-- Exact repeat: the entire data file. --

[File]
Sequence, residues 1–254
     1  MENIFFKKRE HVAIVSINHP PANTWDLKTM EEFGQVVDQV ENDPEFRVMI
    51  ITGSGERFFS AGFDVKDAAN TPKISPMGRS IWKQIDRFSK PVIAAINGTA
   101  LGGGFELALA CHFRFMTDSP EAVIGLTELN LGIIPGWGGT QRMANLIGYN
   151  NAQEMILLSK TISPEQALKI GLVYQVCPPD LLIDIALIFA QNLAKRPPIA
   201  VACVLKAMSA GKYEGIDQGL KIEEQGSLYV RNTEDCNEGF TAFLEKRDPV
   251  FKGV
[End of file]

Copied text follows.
Sequence, residues 1–254
     1  MENIFFKKRE HVAIVSINHP PANTWDLKTM EEFGQVVDQV ENDPEFRVMI
    51  ITGSGERFFS AGFDVKDAAN TPKISPMGRS IWKQIDRFSK PVIAAINGTA
   101  LGGGFELALA CHFRFMTDSP EAVIGLTELN LGIIPGWGGT QRMANLIGYN
   151  NAQEMILLSK TISPEQALKI GLVYQVCPPD LLIDIALIFA QNLAKRPPIA
   201  VACVLKAMSA GKYEGIDQGL KIEEQGSLYV RNTEDCNEGF TAFLEKRDPV
   251  FKGV